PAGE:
6. The method according to claim 1, wherein the data packets comprise voice data.
7. The method according to claim 1, further comprising the step of adjusting a transmit power level before transmitting the second data packet, wherein the transmit power is adjusted to provide a desired signal to noise ratio at a destination.
8. The method according to claim 1, wherein a particular data transmission route is selected by consideration of the second channel status information.
9. The method according to claim 1, wherein the first and second stations are part of a basic service set of a WLAN, and wherein the first and second stations store time-stamped channel status information concerning other stations in the basic service set.
10. The method according to claim 1, wherein the first and second stations are integrated into wireless devices selected from the group consisting of mobile telephones, personal digital assistants, laptop computers, desktop computers, printers, and computer peripheral devices.
11. The method according to claim 1, wherein the first post hoc status estimate of the channel is created by updating the first channel status information.
12. The method according to claim 1, wherein the second channel status information is used as a channel assessment metric for determining a suitable data signal transmission rate, signal modulation, or data signal coding scheme based on a current condition of the channel.
13. The method according to claim 1, wherein the first data packet includes a header where a bit in the header is used to flag a presence of the first channel status information.
14. A system for pre-equalizing radio communication signals comprising:
a first station adapted to transmit a first data packet including a channel status information segment over a radio communication channel as a first signal; and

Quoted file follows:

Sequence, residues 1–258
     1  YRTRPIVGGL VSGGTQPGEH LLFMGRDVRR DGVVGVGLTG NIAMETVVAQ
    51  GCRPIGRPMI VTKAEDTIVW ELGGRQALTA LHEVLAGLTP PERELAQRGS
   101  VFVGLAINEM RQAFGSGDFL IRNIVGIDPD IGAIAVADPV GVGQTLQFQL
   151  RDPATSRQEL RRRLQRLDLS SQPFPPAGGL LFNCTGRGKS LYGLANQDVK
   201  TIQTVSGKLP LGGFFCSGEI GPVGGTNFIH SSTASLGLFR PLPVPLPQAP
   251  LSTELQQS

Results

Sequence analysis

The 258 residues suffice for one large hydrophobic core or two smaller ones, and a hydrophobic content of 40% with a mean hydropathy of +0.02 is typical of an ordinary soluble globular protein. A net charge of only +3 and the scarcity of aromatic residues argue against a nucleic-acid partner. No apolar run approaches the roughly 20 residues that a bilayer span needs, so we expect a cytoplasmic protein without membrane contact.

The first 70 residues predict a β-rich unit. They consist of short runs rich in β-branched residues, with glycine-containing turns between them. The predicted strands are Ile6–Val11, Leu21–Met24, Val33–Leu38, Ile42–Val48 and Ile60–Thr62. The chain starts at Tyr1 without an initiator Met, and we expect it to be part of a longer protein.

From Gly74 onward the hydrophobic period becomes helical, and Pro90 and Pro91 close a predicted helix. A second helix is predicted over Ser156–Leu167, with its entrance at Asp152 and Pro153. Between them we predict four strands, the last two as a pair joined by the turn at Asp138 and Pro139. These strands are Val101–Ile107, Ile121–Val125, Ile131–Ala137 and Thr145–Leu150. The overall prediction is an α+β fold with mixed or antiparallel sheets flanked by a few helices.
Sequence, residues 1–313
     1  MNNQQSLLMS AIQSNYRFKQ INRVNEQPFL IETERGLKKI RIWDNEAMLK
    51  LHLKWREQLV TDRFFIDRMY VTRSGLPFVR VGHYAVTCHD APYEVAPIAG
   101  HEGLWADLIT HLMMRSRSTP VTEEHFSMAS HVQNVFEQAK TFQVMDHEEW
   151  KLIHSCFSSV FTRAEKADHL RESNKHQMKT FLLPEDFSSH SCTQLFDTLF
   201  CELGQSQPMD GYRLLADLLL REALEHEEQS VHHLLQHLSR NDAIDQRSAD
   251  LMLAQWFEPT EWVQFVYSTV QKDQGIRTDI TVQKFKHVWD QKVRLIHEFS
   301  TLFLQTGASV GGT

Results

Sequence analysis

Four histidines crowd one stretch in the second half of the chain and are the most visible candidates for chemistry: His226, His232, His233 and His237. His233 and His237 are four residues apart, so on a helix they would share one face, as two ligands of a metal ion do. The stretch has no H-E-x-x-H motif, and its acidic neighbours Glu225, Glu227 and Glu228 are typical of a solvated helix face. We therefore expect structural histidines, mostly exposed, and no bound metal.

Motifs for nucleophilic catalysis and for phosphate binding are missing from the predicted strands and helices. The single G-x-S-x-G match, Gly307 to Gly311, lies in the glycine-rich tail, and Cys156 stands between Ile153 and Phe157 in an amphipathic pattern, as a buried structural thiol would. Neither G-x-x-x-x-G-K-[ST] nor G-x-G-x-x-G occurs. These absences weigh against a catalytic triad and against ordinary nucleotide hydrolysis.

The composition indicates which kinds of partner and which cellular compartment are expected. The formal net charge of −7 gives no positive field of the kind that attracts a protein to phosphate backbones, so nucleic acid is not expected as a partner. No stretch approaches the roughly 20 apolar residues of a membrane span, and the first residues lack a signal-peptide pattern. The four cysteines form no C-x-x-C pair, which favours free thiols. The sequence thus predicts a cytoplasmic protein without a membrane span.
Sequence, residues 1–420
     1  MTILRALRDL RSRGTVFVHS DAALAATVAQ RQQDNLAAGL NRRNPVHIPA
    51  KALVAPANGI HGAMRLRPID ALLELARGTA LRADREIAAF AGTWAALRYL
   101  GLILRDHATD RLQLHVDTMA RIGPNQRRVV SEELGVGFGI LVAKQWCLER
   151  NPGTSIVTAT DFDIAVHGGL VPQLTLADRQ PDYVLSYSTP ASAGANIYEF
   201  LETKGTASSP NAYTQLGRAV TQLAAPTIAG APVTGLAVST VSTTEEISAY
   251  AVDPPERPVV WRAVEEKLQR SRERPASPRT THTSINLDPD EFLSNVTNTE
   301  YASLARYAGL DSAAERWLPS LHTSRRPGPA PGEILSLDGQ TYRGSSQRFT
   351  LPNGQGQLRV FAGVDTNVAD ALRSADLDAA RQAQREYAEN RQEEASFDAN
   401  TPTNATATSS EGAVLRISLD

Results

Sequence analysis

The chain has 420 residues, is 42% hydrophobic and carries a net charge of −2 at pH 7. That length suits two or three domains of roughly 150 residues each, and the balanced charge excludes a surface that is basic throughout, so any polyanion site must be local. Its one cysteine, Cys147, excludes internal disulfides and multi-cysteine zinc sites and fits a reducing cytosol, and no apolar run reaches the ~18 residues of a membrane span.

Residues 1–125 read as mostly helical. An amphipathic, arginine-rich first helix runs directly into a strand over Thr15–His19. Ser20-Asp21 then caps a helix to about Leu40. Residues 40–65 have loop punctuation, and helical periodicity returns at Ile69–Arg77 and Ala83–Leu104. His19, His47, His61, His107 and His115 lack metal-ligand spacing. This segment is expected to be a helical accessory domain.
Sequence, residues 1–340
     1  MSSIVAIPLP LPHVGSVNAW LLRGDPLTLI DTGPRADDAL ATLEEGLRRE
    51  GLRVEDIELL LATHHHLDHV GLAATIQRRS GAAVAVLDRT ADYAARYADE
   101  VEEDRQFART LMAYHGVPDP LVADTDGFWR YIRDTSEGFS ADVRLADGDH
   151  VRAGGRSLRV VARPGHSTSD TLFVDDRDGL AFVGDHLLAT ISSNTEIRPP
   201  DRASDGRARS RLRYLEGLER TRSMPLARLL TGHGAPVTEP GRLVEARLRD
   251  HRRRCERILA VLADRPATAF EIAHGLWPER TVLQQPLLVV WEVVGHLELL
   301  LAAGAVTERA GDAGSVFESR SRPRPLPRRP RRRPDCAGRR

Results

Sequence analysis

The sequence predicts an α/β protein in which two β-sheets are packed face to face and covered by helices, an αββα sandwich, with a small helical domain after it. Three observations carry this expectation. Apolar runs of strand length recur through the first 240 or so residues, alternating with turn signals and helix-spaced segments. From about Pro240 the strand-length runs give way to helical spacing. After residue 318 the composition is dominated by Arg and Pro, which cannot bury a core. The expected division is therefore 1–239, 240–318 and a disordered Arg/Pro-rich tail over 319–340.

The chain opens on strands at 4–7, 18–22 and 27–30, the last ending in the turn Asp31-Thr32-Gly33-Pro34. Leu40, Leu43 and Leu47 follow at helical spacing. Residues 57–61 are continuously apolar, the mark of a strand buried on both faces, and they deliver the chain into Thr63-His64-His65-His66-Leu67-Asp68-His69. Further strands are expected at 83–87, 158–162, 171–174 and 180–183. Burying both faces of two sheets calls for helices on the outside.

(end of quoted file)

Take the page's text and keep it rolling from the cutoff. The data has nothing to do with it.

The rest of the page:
a second station comprising a static pre-equalizer and an adaptive equalizer, the second station adapted to receive the first signal and adaptively equalize the first signal using the adaptive equalizer and the channel status information to create a post hoc status estimate of the channel;
wherein the second station is further adapted to transmit a second data packet over the channel as a second signal, the second signal being pre-equalized by the pre-equalizer using the post hoc status estimate of the channel.
15. The system of claim 14 wherein the first data packet and the second data packet each include a time stamp.
16. The system of claim 15 wherein the first station further comprises a computer readable medium having a computer readable program code device configured to read the time stamp and determine whether to include the channel status information in the data packets depending on whether the time stamps have expired.
17. The system of claim 14 wherein the first and second stations are part of a basic service set of a WLAN, and wherein the first and second stations store time-stamped channel status information concerning other stations in the basic service set.
18. The system of claim 14, wherein the first and second stations are integrated into wireless devices selected from the group consisting of mobile telephones, personal digital assistants, laptop computers, desktop computers, printers, and computer peripheral devices.
19. The system of claim 14, wherein the channel status information is used as a channel assessment metric for determining a suitable data signal transmission rate, signal modulation, or data signal coding scheme based on a current condition of the channel.
20. The system of claim 14, wherein a transmit power level is adjusted before transmitting the second data packet so as to provide a desired signal to noise ratio at a destination.